tractor with rollbar

Amber and Ronald Zank, of Neillsville, got a rollbar put on their tractor in 2013 through a rebate program run by the National Farm Medicine Center at Marshfield Clinic. Rollbars can prevent injuries if tractors overturn.

Zank family photo

Mark Wright was using a tractor to haul wood on his hilly property south of Mount Horeb this month when the tractor rolled over and crushed him to death.

The 1950s tractor, like about half of the 200,000 tractors on farms in Wisconsin, didn’t have a rollbar, which can greatly reduce the risk of injury or death when tractors overturn.

“A rollbar could have been a very important prevention piece,” said Barbara Marlenga, of the National Farm Medicine Center at Marshfield Clinic.

In 2013, the center started offering up to $865 to farmers in Wisconsin who add rollbars to their tractors. The device typically costs about $1,200.

The rollover protective structure rebate program, funded by about $60,000 a year in donations, has helped pay for 144 retrofits, mostly in the central part of the state, Marlenga said.

Marlenga said $200,000 in state funding would allow the program to expand statewide, an idea state Rep. Bob Kulp, R-Stratford, said he hopes to bring up in the next legislative session.

Five other states — Massachusetts, New Hampshire, New York, Pennsylvania and Vermont — have similar programs, and Minnesota is considering one. Two receive state money: New York gets $250,000 a year, the same amount Minnesota lawmakers are seeking, and Massachusetts gets $25,000.

At least 47 farmers in Wisconsin died from tractor rollovers from 2001 to 2010, said Cheryl Skjolaas, agriculture safety specialist with UW Extension. More recent data aren’t available.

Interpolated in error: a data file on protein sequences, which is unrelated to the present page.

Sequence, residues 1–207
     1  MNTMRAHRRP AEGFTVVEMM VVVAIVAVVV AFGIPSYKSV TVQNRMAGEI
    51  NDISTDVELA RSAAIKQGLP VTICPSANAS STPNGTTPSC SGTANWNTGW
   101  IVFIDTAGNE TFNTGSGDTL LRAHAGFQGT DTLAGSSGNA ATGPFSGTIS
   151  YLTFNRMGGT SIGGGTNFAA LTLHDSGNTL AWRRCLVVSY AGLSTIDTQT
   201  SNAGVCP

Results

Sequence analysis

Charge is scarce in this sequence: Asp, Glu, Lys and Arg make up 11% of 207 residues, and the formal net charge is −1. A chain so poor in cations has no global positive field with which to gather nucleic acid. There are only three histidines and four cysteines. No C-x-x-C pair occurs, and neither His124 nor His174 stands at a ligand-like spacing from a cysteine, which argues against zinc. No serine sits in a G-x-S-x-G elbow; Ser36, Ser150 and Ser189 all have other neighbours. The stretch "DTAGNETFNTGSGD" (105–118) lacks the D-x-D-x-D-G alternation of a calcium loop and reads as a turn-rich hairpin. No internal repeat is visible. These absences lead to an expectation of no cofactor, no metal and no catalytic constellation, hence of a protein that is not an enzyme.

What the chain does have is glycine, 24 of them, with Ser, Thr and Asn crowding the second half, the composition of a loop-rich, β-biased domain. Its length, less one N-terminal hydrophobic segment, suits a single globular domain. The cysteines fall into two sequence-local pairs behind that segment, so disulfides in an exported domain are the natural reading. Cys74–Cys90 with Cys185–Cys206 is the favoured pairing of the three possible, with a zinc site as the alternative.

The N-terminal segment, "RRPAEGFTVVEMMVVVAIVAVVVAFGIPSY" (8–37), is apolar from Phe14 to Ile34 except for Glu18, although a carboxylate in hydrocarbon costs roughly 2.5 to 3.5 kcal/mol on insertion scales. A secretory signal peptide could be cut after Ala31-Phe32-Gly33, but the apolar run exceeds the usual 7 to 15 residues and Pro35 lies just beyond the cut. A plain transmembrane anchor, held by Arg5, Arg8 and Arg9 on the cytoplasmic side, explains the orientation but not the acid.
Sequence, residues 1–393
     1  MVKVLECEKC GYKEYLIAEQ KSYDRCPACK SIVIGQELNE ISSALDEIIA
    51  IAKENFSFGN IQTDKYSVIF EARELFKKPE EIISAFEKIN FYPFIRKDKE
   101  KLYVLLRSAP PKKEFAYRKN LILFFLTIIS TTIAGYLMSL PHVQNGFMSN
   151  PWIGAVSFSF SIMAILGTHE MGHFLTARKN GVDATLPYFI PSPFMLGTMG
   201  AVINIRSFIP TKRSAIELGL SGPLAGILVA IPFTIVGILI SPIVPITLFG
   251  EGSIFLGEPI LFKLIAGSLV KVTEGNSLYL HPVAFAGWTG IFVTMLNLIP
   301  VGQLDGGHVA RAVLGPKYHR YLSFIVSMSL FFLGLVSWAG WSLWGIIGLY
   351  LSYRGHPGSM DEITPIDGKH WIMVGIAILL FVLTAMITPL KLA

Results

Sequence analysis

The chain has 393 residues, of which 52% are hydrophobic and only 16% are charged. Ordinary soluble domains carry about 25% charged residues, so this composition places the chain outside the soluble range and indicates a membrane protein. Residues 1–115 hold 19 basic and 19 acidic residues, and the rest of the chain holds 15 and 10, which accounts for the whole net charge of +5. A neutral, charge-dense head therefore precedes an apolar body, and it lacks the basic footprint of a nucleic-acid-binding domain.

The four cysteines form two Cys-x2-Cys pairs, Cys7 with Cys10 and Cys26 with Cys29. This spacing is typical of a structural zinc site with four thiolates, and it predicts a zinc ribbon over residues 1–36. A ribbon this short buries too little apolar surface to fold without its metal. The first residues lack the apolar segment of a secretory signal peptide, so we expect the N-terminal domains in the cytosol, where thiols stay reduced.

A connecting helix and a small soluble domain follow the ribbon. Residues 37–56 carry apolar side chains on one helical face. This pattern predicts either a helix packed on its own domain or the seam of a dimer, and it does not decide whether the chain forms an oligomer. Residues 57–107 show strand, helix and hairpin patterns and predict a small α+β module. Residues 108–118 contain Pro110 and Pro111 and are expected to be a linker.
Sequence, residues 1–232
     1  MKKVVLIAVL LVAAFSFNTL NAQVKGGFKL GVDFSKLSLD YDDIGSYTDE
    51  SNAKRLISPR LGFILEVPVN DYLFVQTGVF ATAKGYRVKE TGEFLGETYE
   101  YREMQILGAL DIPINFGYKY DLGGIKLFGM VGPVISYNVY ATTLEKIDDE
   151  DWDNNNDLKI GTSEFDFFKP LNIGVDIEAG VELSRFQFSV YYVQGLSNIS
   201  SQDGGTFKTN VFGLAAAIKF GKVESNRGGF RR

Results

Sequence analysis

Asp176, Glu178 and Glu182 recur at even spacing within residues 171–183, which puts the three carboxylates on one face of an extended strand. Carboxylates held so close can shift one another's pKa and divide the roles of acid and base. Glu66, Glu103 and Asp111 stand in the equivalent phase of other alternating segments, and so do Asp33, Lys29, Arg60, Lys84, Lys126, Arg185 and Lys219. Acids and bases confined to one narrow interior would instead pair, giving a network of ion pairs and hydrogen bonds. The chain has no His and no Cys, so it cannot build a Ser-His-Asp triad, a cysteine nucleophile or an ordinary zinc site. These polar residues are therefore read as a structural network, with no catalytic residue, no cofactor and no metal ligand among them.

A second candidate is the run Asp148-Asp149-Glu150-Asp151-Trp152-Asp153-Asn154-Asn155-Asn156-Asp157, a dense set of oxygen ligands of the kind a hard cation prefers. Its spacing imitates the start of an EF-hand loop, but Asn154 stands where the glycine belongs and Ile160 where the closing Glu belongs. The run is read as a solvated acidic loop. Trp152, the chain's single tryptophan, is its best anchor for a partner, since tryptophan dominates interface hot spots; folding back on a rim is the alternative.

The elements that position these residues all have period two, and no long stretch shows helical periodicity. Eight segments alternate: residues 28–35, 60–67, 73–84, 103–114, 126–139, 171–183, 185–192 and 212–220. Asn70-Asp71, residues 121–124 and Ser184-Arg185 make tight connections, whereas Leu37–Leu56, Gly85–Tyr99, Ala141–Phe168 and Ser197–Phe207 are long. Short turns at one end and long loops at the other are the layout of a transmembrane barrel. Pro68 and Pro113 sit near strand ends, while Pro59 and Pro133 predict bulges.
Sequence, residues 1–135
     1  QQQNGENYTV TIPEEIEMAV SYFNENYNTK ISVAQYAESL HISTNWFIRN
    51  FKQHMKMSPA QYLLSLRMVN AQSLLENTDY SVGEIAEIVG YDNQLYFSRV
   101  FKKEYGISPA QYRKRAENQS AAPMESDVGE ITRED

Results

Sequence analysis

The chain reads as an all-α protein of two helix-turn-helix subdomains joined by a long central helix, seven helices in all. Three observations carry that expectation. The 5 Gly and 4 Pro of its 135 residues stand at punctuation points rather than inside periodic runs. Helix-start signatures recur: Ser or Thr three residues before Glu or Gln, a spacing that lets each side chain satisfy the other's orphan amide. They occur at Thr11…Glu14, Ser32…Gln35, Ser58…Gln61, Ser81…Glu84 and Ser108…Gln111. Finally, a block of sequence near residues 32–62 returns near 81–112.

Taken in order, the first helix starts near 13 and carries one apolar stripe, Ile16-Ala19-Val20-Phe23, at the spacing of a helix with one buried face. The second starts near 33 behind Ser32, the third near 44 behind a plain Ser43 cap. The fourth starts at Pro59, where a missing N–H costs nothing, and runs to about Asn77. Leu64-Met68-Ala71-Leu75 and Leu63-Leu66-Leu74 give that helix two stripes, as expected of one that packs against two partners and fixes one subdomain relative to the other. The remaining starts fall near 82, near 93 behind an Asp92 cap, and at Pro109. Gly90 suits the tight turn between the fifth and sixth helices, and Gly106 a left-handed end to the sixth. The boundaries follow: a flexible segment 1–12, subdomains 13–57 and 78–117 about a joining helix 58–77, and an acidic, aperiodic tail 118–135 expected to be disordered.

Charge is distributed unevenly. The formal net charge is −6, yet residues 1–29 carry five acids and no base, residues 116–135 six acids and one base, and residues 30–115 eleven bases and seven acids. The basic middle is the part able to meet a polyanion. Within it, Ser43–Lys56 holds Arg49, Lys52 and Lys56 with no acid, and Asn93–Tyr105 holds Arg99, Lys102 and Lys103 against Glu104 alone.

Nationally each year, tractor rollovers kill an estimated 96 farmers, making rollovers the leading cause of accidental death on farms, researchers reported in 2010 in the American Journal of Industrial Medicine.

Manufacturers have equipped tractors with rollbars or cabs since 1985, but many tractors made before then don’t have them, Marlenga said. A lot of farmers, especially those with small farms, use older tractors because they are cheaper, she said.

Rollbars, combined with seat belts, can almost always prevent operators from being crushed if tractors overturn, she said.

“If we can get them to put these rollover protective structures on, we can eliminate these deaths and injuries and keep our farmers farming,” Marlenga said.

Wright, 54, wouldn’t have qualified for a rebate because he wasn’t a farmer. But his tractor, a Ford built in the 1950s, could have been retrofitted with a rollbar.

On May 7, he was cutting and hauling wood on his land near Daleyville when his adult son went to check on him, according to a Dane County Sheriff’s Office report.

The son found the tractor tipped over on top of his father. The Dane County Medical Examiner said Wright died from injuries sustained from the rollover.

Wright, a heavy equipment operator at Edgerton Contractors, had taken other precautions. He was wearing ear plugs, gloves, long pants and work boots, said Lt. R.J. Lurquin of the sheriff’s office.

Tony Schumacher, a dairy farmer from Rubicon, northwest of Milwaukee, had a rollbar put on his late 1970s tractor three years ago. He paid about $300 after getting a rebate through the Marshfield program.

“It’s cheap money if it saves your life,” Schumacher said. “Anybody who has a chance to take part in it should.”

Kulp, whose legislative district includes Marshfield, said he was nearly killed as a child when he fell off a tractor on his family’s farm in northern Indiana.

His district has many small farms with old tractors that likely will be used for another generation, he said. Though the state budget has many competing demands, he said he will seek state funding next year for the rollbar rebate program.

“There’s no question about it, it makes tractors safer,” Kulp said.

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David Wahlberg is the health and medicine reporter for the Wisconsin State Journal.